When the fish ran out, the Soviet trawlers chugged off in search of fresh prey, discovering a delicious brightly colored goggle-eyed fish called the orange roughy, which also hung around sea mounts in deep waters south of New Zealand. Their find sparked a gold rush as trawl fishermen worldwide began to hunt down the roughy hot spots. By 1990 the Australian roughy fishery was at its climax. Fifty- six boats lined up, often one behind the other, to target areas not much larger than a football field, hauling 62,000 tonnes (68,000 U.S. tons) of beautiful deep- red fish in a single year out of the lightless depths south of Tasmania, for a market that couldn’t get enough of their succulent white flesh.
Vessels were returning to port with their gunwales nearly awash in up to a million dollars’ worth of fish crammed in their holds. “I know what a gold rush looks like,” an older, wiser Stuart Richey, who was among the fishermen, reflects. “We were landing boatloads of fish. I know how it affected everyone’s thinking at the time but, looking back, you can see how illogical it all was. It was a new, deepwater species just waiting to be caught— and we didn’t have the correct science to guide us or the management to adequately restrain catches, so we just went out and caught them.”
Not realizing that the densely packed fish were spawning and not knowing that individual fish living in the unchanging, pitch- dark world of the deep ocean were 100–150 years old, the trawlers hammered in with all the firepower of modern fish- finders, satellite navigation, and sophisticated nets. Wealth poured into fishing communities that had been struggling to survive. In the two years that followed, the catch halved, and then halved again. By 1996, it was down to 5,000 tonnes (5,500 U.S. tons) and fisheries managers were panicking. A few years later the fishery was effectively shut, and a de cade later it showed only a flicker of recovery. The boom had turned spectacularly to bust. Not just off Australia but off Chile and Namibia, in the northeastern Atlantic, and in the southwestern Indian Ocean similar collapses followed.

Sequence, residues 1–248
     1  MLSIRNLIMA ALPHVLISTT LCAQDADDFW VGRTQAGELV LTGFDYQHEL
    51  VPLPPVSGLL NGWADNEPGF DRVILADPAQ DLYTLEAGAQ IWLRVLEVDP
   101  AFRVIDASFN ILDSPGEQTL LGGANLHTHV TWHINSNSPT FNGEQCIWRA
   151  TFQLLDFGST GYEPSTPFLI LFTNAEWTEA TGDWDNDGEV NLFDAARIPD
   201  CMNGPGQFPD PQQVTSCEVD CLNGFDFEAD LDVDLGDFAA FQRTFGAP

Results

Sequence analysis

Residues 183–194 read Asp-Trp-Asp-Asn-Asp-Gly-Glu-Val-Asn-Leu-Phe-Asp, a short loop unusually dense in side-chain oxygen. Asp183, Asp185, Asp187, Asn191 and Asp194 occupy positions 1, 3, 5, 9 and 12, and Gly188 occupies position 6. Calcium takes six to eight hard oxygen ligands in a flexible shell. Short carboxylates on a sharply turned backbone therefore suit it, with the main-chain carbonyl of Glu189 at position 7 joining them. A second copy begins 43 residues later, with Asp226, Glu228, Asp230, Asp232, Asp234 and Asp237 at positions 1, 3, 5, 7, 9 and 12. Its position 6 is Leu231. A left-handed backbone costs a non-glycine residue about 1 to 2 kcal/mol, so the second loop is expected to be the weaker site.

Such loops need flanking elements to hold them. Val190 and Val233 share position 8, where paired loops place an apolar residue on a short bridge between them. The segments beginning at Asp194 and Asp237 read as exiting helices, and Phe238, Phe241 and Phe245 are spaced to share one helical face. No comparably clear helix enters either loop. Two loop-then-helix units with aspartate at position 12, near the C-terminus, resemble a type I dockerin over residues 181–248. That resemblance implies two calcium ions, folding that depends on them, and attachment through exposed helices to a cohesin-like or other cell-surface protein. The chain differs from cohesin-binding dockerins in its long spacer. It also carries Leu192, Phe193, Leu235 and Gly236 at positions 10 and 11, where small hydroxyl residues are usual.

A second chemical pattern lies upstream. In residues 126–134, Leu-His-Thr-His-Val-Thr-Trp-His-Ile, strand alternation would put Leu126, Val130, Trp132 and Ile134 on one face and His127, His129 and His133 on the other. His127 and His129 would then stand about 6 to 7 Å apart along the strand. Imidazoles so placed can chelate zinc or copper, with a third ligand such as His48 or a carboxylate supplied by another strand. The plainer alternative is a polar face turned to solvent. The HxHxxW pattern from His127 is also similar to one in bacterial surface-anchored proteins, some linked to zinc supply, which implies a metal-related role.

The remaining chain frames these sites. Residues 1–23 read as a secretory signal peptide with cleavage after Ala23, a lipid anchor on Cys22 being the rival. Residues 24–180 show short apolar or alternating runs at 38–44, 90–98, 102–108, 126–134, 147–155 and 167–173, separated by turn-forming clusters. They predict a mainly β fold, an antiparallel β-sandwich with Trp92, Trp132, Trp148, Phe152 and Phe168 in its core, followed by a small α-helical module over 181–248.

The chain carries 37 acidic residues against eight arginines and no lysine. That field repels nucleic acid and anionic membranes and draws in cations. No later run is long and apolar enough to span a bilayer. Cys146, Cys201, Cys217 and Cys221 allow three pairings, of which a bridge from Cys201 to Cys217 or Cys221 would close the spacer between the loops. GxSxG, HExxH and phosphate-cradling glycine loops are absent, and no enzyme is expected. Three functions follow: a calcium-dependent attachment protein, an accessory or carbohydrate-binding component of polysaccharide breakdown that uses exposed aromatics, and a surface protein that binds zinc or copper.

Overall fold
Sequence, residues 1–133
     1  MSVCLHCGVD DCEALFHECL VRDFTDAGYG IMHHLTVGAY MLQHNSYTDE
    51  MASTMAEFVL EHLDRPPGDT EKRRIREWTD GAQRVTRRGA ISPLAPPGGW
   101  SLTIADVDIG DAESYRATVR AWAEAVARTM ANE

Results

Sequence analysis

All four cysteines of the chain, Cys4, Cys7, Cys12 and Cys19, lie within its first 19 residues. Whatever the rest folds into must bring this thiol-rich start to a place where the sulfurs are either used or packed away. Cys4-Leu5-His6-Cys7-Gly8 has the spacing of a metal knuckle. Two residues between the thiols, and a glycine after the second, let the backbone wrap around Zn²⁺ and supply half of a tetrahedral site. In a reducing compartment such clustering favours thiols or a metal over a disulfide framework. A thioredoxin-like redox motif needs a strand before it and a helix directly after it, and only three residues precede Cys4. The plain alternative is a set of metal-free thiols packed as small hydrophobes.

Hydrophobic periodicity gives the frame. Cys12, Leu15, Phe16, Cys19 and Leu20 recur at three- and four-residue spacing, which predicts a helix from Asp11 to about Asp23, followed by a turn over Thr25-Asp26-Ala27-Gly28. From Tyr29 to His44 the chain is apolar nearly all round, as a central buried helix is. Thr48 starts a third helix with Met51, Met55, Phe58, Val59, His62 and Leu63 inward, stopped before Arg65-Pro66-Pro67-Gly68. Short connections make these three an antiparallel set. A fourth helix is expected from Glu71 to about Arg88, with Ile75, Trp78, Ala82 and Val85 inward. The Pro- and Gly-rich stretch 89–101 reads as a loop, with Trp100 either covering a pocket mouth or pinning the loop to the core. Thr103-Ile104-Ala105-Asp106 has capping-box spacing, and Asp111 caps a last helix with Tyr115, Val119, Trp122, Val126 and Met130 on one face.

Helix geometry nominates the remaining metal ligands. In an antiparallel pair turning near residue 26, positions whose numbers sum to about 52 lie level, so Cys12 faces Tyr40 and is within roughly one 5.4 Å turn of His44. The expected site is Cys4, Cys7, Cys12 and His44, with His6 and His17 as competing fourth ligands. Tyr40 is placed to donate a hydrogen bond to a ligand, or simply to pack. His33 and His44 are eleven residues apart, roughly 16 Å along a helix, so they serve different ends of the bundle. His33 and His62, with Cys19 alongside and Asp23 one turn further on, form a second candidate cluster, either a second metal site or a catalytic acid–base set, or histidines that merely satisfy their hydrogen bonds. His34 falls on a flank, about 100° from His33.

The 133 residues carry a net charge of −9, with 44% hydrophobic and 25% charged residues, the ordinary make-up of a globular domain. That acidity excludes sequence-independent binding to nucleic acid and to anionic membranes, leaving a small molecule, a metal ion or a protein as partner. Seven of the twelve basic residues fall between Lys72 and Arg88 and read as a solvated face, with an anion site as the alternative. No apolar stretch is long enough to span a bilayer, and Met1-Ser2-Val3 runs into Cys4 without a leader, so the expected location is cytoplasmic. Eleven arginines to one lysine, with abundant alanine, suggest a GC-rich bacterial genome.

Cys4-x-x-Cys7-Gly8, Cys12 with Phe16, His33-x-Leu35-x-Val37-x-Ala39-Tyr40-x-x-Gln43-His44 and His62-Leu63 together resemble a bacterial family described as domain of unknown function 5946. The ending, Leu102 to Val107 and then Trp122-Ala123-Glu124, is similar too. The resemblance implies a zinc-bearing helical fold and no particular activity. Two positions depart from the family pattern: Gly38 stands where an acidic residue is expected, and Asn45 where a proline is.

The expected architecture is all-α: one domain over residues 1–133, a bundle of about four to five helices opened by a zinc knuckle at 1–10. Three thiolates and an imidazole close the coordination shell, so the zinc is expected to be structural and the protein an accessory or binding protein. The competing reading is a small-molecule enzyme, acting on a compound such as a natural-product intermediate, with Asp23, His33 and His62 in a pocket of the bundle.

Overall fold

“Why did fisheries science and management fail for the orange roughy?” asks Tony Koslow, a fisheries scientist who studied the tragedy as it unfolded. “A number of factors appear to be responsible, and they are worth exploring, if only because deepwater fisheries continue to collapse around the world. The first strategic error that doomed the Australian orange roughy fishery, among others, was violation of what I call the Scott Joplin principle. . . . Joplin often marked the tempo of his pieces, ‘Not fast.’ Later in life, he seems to have lost patience, writing above one of his scores: ‘Notice: It is never right to play Ragtime fast. Author.’ For ragtime, substitute fisheries.” Fisheries need to be played slow, Koslow concludes. The second error was to allow fishing to continue on a spawning population. And the third was a simple failure by fisheries managers to heed scientific advice, and their caving in to po liti - cal pressure from the fishing industry.
Koslow’s point is that it is very easy with modern technology to exhaust a fishery if you don’t know how big it is, its rate of replacement, or its food sources— and it is very hard to build it back up again. Time and again in recent history, this maritime “tragedy of the commons” has taken place. De cades after the destruction of the Grand Banks cod stocks, the most fecund fish in the oceans has still not recovered. Absolute caution is needed in developing any new fishery— but almost never is it exercised.
Worldwide, the evidence is mounting that the fish are running out. Almost one in three sea fisheries has collapsed or is in the process— just like the armorhead, the orange roughy, and the cod. Most of the continental shelves have been swept clean and even miles down, in the deep ocean, the rapine is now taking its toll in a world where little has changed in millions of years. Incredible though it may appear, so insatiable is the human hunger for protein that we already appear to be mining the oceans to their limit— with incalculable consequences as world demand for food doubles and doctors and dieticians urge the affluent to devour more fish still for the sake of their overfed arteries and fatty hearts.